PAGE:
PCM 3.0 is now more versatile, efficient and easier to use than before, standing out in particular through its touch-screen control which enables the driver to select specific functions simply by pressing the appropriate key on the larger 6.5-inch monitor. PCM 3.0 is available with highly convenient voice control and, in conjunction with the optional, universal audio interface, can now be used also to control external audio sources such as an iPod®. USB stick or Bluetooth.

Enthusiasts of all-weather, open-topped motoring will also appreciate the option of seat ventilation combined with seat heating.
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Old 11-19-2008, 11:25 PM
  #351  
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Post 2009 Porsche Cayman S

Hubba-hubba...






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Old 11-19-2008, 11:26 PM
  #352  
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Press release...

Porsche is presenting the second generation of the mid-engined Cayman sports coupe at the Los Angeles Motor Show (November 21 – 30) this week. The highlight is the new, flat-six ‘boxer’ engines, developed to incorporate new technical features from the ground up, providing not only more power, but also significantly greater fuel efficiency.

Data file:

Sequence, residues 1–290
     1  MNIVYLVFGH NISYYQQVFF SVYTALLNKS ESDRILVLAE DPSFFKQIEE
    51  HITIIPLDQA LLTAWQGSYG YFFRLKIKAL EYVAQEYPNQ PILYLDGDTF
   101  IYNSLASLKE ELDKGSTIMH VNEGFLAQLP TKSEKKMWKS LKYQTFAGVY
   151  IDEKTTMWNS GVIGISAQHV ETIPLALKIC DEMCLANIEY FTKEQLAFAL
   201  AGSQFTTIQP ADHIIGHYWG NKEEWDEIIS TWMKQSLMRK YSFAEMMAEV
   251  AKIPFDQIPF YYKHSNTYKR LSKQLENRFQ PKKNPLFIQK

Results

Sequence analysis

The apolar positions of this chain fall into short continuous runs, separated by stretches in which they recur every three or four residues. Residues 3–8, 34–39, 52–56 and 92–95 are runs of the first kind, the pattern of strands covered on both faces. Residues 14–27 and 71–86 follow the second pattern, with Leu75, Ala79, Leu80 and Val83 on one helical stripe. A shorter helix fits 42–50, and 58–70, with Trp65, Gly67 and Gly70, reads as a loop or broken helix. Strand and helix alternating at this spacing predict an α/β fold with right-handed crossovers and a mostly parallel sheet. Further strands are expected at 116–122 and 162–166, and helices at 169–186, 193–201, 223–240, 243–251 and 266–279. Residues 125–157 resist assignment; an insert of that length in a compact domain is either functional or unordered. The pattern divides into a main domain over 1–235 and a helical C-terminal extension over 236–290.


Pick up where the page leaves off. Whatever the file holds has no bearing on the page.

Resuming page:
A further improvement of both fuel economy and performance is guaranteed by the Porsche Doppelkupplungsgetriebe (PDK), the new double-clutch gearbox now available as an option on both the Cayman and Cayman S.

Newly-developed’ boxer’ engines deliver more power on less fuel

The Cayman now has an engine displacing 2.9-litres, which develops 265 bhp (195 kW), an increase by 20 horsepower over the prior 2.7-litre model.

The 3.4-litre power unit in the Cayman S now features Direct Fuel Injection, and delivers 320 bhp (235 kW), up by 25 bhp.

These developments see the engines fitted to the Cayman and Cayman S coupes offering more horsepower than those in the Boxster roadster. This move emphasises the sports driving orientation of the Cayman and further differentiates the coupe.

An outstanding power-to-weight ratio of 4.2kg/bhp on the Cayman S in particular ensures optimum driving dynamics. For example, the Cayman S with PDK and Launch Control (featured in the optional Sports Chrono Package Plus) accelerates from 0-62mph (0-100 km/h) in 4.9 seconds, setting the benchmark in the range.